Tag Archives: other bloggers

Follow-up on dogs

Following up from yesterday, a good blog post on why dogs bite:

All dogs, whether they are defined by owners or behavior professionals as “reactive,” “aggressive,” and yes, even “friendly”? can and will bite. A service dog or therapy dog can and will bite. The goofiest dog you’ve ever seen can and will bite. The dog that allows young children to climb all over him and pull his ears or tail with seeming aplomb can and will bite.

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Beginnings and endings

Roger Ebert Jim Emerson has a brilliant post up here about what conventions signal to us that a story (particularly, a movie) is beginning or ending.* Particularly, he’s interested in asking what ending conventions small children would inherently understand, prompted by this blog post.

I’m loving Dr. Bordwell’s post, which begins with this anecdote:

I was watching “Snow White and the Seven Dwarfs” some years ago with a friend’s three-year-old daughter. Molly hadn’t seen the movie before, and she watched it in a fascinated silence. At the end, Snow White and the prince leave the dwarfs and ride off into the distance.

At this point Molly cried, “More!”

This surprised me. How could she know, on her first pass, that the story was ending?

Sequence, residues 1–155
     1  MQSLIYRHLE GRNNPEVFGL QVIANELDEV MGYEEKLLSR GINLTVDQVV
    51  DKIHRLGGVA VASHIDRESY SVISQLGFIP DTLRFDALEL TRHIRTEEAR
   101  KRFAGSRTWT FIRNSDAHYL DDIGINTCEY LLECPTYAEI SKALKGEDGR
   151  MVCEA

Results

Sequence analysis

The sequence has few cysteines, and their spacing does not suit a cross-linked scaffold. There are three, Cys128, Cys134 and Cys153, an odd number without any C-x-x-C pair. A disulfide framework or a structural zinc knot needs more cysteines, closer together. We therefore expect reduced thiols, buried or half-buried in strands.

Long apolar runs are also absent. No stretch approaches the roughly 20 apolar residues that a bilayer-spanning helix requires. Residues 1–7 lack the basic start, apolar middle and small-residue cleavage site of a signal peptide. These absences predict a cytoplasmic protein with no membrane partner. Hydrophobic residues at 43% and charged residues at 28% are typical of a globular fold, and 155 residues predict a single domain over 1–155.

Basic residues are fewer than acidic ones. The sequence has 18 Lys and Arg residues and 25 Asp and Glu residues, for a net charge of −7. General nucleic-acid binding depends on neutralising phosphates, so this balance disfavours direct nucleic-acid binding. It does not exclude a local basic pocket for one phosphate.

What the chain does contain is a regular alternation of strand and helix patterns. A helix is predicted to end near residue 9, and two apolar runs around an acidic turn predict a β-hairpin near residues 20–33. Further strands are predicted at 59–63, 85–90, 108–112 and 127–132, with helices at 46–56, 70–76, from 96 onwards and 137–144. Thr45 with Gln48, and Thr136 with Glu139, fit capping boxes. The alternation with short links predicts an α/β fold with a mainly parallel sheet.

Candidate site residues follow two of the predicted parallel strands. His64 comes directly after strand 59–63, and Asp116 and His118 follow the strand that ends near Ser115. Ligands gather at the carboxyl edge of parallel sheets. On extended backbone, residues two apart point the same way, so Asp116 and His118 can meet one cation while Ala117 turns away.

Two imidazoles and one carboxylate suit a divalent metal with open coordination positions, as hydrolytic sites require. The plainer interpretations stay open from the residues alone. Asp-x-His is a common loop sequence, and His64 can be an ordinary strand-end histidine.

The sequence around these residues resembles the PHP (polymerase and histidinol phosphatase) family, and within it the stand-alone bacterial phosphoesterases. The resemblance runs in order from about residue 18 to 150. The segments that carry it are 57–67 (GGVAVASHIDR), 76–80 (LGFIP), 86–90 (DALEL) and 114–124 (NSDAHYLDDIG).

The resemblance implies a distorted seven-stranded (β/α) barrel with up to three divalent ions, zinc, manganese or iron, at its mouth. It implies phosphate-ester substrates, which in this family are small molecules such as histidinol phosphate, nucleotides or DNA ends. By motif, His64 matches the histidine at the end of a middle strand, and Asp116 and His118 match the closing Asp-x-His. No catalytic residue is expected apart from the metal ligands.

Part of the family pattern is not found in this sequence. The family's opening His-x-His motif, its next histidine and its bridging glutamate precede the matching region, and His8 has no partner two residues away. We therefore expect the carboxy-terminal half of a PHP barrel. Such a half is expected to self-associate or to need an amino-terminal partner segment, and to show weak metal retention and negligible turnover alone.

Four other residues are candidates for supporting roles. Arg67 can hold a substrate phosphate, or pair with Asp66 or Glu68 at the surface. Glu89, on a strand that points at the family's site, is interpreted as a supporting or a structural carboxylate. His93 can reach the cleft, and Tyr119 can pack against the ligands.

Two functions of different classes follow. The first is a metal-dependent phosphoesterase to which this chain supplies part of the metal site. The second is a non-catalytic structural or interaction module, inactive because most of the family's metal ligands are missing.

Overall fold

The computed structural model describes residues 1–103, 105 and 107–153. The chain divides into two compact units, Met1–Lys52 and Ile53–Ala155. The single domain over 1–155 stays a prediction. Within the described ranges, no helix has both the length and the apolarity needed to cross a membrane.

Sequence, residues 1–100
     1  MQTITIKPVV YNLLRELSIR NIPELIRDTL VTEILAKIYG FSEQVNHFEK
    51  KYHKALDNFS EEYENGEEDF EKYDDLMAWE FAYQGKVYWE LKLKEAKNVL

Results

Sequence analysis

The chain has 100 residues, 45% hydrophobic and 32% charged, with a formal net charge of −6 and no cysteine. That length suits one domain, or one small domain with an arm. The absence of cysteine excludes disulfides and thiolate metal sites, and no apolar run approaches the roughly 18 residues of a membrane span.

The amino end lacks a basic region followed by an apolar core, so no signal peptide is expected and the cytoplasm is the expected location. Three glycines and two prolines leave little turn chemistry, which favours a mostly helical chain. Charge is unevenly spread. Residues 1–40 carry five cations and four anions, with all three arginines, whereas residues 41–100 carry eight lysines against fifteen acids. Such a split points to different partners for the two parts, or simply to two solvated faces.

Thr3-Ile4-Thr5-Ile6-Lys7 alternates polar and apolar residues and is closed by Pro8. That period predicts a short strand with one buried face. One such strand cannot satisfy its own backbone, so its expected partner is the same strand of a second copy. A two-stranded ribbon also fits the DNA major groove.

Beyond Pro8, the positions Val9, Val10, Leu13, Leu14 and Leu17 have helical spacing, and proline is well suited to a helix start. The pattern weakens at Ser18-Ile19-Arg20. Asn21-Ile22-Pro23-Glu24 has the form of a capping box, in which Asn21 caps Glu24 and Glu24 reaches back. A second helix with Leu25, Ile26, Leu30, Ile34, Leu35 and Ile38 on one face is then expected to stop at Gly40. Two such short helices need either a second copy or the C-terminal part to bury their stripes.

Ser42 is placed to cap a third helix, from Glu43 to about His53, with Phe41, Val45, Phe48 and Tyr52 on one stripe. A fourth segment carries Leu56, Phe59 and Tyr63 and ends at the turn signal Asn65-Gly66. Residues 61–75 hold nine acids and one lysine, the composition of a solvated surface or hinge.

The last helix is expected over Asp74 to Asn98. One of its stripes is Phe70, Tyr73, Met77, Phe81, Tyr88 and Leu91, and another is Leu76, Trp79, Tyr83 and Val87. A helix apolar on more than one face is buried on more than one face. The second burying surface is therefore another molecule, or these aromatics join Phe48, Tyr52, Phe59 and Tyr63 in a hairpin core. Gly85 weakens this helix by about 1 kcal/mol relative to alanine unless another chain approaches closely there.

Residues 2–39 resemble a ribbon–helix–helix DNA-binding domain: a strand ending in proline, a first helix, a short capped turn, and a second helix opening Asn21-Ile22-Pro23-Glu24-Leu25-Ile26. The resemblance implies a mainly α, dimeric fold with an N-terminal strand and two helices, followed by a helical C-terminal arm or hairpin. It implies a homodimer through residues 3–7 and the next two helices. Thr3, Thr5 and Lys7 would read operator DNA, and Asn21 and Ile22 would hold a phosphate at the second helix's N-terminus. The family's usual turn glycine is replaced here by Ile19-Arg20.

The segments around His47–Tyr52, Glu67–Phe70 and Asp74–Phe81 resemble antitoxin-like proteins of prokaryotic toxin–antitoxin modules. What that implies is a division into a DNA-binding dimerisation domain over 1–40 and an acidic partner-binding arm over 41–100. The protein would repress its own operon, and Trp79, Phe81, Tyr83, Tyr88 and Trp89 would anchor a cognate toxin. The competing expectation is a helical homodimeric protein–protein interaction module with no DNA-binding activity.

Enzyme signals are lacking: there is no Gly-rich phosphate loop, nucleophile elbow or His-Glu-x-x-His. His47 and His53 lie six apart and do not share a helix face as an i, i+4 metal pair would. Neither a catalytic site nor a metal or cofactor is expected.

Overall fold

My dissertation was on the psychology of narrative. That’s an awfully broad topic, ranging from how people tell stories of their own lives to how they understand genre conventions used in filmmaking, playwriting, and other narrative arts. As I was just starting to play with these ideas, one of my biggest “aha” moments came at a showing of “The Mummy.” (Some of my smartest ideas are inspired by some of my stupidest experiences.) The audience was extremely diverse in age, ethnicity, and apparent social class. Halfway through the movie the projectionist switched a reel. And at the exact same moment, everyone in the audience registered that the story had stopped making sense. There wasn’t an obvious visual cue; one scene cut to another as might happen ordinarily. It was the story that stopped working, and everyone knew it. You almost never see an entire roomful of people “get it” at the same moment. Certainly “If X then Y” logic never works that way. But story logic … story logic is different.